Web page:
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2010 conference on differential response
2010 Conference on Differential Response

American Humane Association

  • The nation’s voice for the protection of children & animals

American humane association the nation s voice for the protection of children and animals

It Takes a Community:Visioning a Future for the Child Welfare SystemCaren Kaplan Patricia Schene Patricia Ploehn Carol Redding Ben Tanzer

American Humane Association

The nation’s voice for the protection of children and animals

More than a decade of differential response there are
More than a Decade of Differential Response, there are:

  • 13 states implementing DR statewide

  • 11 implementing DR or similar system in selected counties

  • Tribal groups in 4 states implementing DR

  • 4 states and the District of Columbia are planning or considering implementation

Evaluation results from field experiments
Evaluation Results from Field Experiments

  • Child Safety not Diminished

    • Safety of children did not decline while families received new approach.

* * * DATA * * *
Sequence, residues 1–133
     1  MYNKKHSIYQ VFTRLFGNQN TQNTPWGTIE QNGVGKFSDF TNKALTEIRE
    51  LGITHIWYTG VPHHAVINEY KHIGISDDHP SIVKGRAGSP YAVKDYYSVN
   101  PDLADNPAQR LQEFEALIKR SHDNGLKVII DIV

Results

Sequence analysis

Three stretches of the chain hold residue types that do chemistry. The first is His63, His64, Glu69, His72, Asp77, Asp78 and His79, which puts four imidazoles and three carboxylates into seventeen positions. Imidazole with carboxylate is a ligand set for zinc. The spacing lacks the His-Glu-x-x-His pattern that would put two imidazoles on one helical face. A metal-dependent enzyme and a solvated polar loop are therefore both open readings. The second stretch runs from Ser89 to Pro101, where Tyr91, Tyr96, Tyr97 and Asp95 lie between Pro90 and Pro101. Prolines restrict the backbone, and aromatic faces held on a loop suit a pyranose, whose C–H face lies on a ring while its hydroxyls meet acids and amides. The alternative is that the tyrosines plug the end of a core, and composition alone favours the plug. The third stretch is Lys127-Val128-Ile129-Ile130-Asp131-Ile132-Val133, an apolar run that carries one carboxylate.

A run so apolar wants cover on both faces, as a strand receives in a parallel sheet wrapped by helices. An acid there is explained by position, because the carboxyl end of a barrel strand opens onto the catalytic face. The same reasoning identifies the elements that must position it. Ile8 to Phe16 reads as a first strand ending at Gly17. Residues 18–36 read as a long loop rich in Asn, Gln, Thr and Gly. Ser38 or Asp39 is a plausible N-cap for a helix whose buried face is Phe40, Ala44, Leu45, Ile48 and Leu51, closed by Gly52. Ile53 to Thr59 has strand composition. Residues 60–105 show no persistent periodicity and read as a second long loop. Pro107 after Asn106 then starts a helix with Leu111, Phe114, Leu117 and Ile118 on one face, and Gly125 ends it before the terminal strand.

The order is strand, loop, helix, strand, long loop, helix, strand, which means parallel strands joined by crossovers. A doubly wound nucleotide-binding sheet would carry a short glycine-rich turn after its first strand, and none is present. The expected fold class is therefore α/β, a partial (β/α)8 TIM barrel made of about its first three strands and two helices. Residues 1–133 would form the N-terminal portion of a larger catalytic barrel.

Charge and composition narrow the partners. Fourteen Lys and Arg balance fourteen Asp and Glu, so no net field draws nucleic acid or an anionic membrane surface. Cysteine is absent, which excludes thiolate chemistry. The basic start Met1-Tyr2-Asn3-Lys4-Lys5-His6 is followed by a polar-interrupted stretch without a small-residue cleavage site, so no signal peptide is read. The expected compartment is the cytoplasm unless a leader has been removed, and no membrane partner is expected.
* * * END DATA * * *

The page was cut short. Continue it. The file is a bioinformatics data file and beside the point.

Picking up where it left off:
• Children were made safer sooner

  • Family Engagement under AR

    • Cooperation of families improved

    • Families were more satisfied and felt more involved in decision making

  • CPS Staff Reacted Positively

    • Workers overall reacted positively and believed approach to be more effective.

  • Services to Families and Children Increased and Changed

    • Needed services were delivered more quickly.

    • Services delivering basic necessities (food, clothing, shelter, and medical care) increased.

    • Greater utilization of community resources

  • New CA/N Reports and Later Placements of

    Children Reduced

    • Recurrence of CA/N reports decreased for

      families where new approach was


  • Short-Term Costs Greater, Long-Term Costs


    • While initial cost of AR in services provided

      and worker time was greater than in

      traditional CPS interventions, it was less

      costly and more cost effective in longer term.

American Humane Association

The nation’s voice for the protection of children & animals

Like a lifting fog
Like a Lifting Fog…

  • DR Evaluation results make it difficult to deny that system change is essential – practice, strategies, structure, stakeholders, roles and responsibilities…

  • This reality creates our need to respond differently.

Mismatch between system s offerings and families needs
Mismatch between System’s Offerings and Families’ Needs

  • Imminent danger and/or serious harm was absent in > 70% accepted reports (USDHHS, 2010)

  • 19.7 % of victims were subject of court proceedings &20.9% were placed in foster care in response to investigation (USDHHS, 2010)

  • CPS investigation response is ill-suited to provide improvements in social support, family functioning, poverty, maternal education, and child behavior problems associated with CA/N.